- Paperback: 384 pages
- Publisher: W. W. Norton & Company (6 Jan. 2009)
- Language: English
- ISBN-10: 0393001903
- ISBN-13: 978-0393001907
- Product Dimensions: 13 x 2.5 x 19.6 cm
- Average Customer Review: 9 customer reviews
- Amazon Bestsellers Rank: 1,780,346 in Books (See Top 100 in Books)
Essays in Persuasion Paperback – 6 Jan 2009
Customers who bought this item also bought
Customers who viewed this item also viewed
Enter your mobile number or email address below and we'll send you a link to download the free Kindle App. Then you can start reading Kindle books on your smartphone, tablet, or computer - no Kindle device required.
To get the free app, enter your mobile phone number.
About the Author
John Maynard Keynes (1883-1946) was one of the greatest economic theorists of the twentieth century. He was chairman of the liberal journal of opinion The Nation and economics advisor for more than thirty years to British governments. He wrote several books, including his masterpiece, The General Theory of Employment, Essays in Persuasion, Interest and Money, the two-volume Treatise on Money, and A Tract on Monetary Reform.
Top customer reviews
There was a problem filtering reviews right now. Please try again later.
This compendium is for anyone who doesn't have the skills or patience to read Keynes's General Theory. It lays out the essentials of Keynesian economic thinking, in particular on inflation and unemployment, while in passing making clear a number of economic terms and issues - for example how the gold standard worked and why, and the difference with the gold `exchange' standard, something that had completely escaped me. The Essays do require a minimal understanding of economic factors (interest and exchange rates, state and trade budgets, and how they relate), but they are not technical in style and are told in plain words; Keynes's public, after all, was the average newsreader or politician. A basic historical baggage also helps: why reparations were a difficult issue, the American loans, deflation and the incipient depression; here a good introduction is perhaps lacking. Nevertheless, this is accessible to all with this minimum culture, and it is both excellent economic education and mental exercise.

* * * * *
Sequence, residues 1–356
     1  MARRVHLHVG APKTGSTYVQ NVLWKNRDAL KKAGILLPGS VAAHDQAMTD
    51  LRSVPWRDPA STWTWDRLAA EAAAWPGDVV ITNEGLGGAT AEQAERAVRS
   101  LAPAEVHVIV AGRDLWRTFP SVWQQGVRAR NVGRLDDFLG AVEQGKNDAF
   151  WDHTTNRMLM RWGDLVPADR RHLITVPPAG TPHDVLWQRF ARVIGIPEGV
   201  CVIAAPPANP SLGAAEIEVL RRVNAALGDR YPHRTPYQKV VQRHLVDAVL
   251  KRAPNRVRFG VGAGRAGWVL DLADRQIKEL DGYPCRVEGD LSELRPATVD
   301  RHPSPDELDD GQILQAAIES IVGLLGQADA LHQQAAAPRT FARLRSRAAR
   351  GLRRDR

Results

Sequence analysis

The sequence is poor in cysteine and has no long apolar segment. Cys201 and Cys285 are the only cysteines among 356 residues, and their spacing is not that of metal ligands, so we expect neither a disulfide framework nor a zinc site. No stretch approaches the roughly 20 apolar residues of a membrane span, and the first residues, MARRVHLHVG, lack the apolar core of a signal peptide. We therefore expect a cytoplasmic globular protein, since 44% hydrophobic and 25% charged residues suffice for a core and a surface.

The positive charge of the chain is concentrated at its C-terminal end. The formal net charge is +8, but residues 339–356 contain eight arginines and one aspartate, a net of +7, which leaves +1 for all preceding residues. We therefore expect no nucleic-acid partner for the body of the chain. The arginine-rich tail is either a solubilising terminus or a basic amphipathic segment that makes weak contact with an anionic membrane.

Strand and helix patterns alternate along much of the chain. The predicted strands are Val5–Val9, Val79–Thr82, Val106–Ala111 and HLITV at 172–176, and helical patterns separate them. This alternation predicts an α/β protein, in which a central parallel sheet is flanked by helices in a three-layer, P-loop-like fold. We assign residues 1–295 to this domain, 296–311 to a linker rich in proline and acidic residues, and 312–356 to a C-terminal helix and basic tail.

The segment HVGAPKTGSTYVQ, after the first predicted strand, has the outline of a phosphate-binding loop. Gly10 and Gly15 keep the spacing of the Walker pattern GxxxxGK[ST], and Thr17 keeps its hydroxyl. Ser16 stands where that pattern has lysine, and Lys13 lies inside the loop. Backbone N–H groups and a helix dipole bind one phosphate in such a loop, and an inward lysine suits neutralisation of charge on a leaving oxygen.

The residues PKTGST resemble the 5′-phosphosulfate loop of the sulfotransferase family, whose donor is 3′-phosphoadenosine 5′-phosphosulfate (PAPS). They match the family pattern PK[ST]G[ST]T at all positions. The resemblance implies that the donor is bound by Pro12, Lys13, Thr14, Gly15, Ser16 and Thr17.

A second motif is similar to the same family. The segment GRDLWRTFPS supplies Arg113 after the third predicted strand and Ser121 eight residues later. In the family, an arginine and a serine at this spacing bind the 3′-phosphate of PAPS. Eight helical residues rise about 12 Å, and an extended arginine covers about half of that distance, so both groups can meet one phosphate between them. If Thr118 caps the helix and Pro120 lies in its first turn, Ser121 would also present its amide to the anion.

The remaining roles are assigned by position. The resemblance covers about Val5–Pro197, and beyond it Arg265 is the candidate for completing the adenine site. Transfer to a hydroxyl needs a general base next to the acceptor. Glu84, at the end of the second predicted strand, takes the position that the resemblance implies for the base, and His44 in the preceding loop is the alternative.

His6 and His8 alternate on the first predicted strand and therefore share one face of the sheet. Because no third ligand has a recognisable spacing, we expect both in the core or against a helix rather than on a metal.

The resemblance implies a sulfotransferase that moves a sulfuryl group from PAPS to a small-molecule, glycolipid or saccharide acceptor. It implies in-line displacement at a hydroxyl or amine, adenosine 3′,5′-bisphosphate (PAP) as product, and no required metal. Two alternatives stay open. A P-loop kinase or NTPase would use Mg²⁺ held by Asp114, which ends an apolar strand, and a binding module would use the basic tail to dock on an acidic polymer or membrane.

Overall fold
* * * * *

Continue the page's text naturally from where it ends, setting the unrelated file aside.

Finally, Keynes was a humanist, as the Essays show. He was the antithesis of the dry and unfeeling economist, and this makes for a refreshing and uplifting work. He was also human: one senses the anxiety rising as he recommended a tariff in 1931, or the misplaced relief at Britain's abandonment of the gold standard (a devaluation, with a similar effects to tariffs). And his modern relevance does not need underlining, with boom and bust and urgent monetary issues back to the fore.
The books consists in the main of articles published in magazines and periodicals. The General Theory of Employment, Interest and Money may be more famous. It is more easily available. Yet it is not nearly as readable as this.
There are essays on the Treaty of Versailles additional to his famous Economic Consequences of Peace, The. There are his writings on the gold standard and why it needed to be abandoned. All these are of interest to those of us interested in economic history. Yet the general reader will probably enjoy most the essays at the end of the books on politics, Russia under the communists, the End of Laissez-Faire and one where he looks into the long term economic future. These latter are as timeless as it is possible for economic writings to be.
All of these, whether one agrees or not, provide fascinating insights into the issues. Here perhaps lies the greatest pleasure in reading this book. Keynes was one of the great minds of the twentieth century. Here one can encounters it at its most acute. Keynes has a reputation among economists for the beauty and elegance of his writing. In this book he lives up to it.
Would you like to see more reviews about this item?